JOAN, a mythical female pope, who is usually placed between Leo IV. (8478 55) and Benedict III. (855-858). One account has it that she was born in England, another in Germany of English parents. After an education at Cologne, she fell in love with a Benedictine monk and fled with him to Athens disguised as a man. On his death she went to Rome under the alias of Joannes Anglicus (John of England), and entered the priesthood, eventually receiving a cardinal's hat. She was elected pope under the title of John VIII., and died in childbirth during a papal procession.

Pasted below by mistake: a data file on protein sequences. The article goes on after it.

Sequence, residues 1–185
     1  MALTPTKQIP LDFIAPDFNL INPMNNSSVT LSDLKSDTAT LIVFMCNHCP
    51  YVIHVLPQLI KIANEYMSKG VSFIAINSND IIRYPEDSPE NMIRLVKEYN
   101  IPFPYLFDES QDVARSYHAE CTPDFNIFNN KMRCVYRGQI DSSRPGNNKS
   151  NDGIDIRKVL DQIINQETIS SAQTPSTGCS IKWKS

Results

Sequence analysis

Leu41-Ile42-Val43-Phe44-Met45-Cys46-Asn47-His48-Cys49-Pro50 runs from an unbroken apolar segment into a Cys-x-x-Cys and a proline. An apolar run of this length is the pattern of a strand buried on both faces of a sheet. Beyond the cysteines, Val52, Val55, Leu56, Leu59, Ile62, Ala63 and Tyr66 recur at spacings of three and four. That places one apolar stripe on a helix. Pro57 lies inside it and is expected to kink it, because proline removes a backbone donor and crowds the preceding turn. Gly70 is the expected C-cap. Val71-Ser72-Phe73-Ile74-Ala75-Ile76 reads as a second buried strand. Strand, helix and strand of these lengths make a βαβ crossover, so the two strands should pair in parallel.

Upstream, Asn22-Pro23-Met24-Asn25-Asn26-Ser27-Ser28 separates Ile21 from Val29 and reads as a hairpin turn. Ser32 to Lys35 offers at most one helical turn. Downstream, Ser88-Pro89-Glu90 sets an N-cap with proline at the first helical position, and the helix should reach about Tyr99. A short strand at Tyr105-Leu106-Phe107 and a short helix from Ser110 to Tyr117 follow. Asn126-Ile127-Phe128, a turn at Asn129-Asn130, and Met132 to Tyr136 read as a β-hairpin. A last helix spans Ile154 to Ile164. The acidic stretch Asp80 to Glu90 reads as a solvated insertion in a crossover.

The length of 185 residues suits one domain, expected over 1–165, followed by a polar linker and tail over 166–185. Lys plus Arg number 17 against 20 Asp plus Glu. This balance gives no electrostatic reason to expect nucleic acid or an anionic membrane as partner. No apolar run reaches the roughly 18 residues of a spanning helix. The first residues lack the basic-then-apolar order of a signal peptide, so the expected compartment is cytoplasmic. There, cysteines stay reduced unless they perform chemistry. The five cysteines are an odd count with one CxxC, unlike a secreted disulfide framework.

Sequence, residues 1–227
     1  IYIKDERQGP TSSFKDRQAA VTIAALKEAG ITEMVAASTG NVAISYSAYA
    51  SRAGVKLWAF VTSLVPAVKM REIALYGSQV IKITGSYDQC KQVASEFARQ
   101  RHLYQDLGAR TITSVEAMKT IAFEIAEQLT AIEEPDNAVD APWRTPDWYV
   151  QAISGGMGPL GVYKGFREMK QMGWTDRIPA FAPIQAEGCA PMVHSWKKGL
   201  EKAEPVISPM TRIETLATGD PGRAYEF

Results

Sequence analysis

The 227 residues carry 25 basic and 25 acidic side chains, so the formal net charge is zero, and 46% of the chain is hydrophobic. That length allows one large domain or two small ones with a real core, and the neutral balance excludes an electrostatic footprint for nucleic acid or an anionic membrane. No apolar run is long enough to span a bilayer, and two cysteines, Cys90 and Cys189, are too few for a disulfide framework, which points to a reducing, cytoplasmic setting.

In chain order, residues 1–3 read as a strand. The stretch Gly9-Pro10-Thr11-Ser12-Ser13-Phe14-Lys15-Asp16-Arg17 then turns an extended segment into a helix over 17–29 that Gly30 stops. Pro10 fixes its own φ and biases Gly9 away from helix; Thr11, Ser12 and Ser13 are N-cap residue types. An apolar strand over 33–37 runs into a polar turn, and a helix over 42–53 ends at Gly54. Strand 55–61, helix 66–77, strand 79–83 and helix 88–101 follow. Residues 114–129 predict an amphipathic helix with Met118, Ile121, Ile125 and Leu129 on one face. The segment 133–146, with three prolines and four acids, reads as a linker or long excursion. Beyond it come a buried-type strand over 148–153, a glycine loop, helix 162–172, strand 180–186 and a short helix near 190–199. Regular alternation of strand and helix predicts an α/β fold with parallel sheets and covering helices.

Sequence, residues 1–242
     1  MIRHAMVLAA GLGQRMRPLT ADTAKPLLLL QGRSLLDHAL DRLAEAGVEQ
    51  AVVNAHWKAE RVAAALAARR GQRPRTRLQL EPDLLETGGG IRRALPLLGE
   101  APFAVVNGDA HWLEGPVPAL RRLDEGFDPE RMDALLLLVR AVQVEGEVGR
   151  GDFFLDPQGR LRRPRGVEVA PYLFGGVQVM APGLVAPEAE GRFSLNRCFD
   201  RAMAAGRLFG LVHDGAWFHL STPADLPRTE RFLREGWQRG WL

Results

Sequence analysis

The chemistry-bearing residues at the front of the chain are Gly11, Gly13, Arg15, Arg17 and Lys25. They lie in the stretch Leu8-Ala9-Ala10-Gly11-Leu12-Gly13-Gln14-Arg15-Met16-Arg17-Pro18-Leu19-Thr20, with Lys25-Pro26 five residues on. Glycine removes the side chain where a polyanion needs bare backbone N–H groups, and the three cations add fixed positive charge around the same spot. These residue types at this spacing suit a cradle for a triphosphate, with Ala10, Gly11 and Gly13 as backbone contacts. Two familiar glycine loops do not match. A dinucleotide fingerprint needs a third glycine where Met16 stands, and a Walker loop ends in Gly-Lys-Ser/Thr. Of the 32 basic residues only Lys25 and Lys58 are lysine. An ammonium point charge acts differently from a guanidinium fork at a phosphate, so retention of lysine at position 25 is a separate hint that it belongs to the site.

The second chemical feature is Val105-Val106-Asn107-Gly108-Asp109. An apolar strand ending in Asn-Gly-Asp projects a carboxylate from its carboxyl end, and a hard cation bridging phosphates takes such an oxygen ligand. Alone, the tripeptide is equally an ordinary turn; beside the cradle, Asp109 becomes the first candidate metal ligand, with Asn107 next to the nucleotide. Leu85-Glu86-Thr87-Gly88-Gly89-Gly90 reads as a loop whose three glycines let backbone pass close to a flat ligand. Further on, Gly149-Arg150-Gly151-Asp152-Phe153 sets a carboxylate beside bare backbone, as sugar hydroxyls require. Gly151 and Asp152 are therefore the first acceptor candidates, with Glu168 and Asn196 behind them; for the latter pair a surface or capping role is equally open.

A French Dominican, Steven of Bourbon (d. c. 1261) gives the legend in his Seven Gifts of the Holy Spirit. He is believed to have derived it from an earlier writer. More than a hundred authors between the 13th and 17th centuries gave circulation to the myth. Its explosion was first seriously undertaken by David Blondel, a French Calvinist, in his Eclaircissement de la question si une femme a ete assise au siege papal de Rome (1647); and De Joanna Papissa (1657). The refutation was completed by Johann Dollinger in his Papstfabeln des Mittelalters (1863; Eng. trans. 1872).
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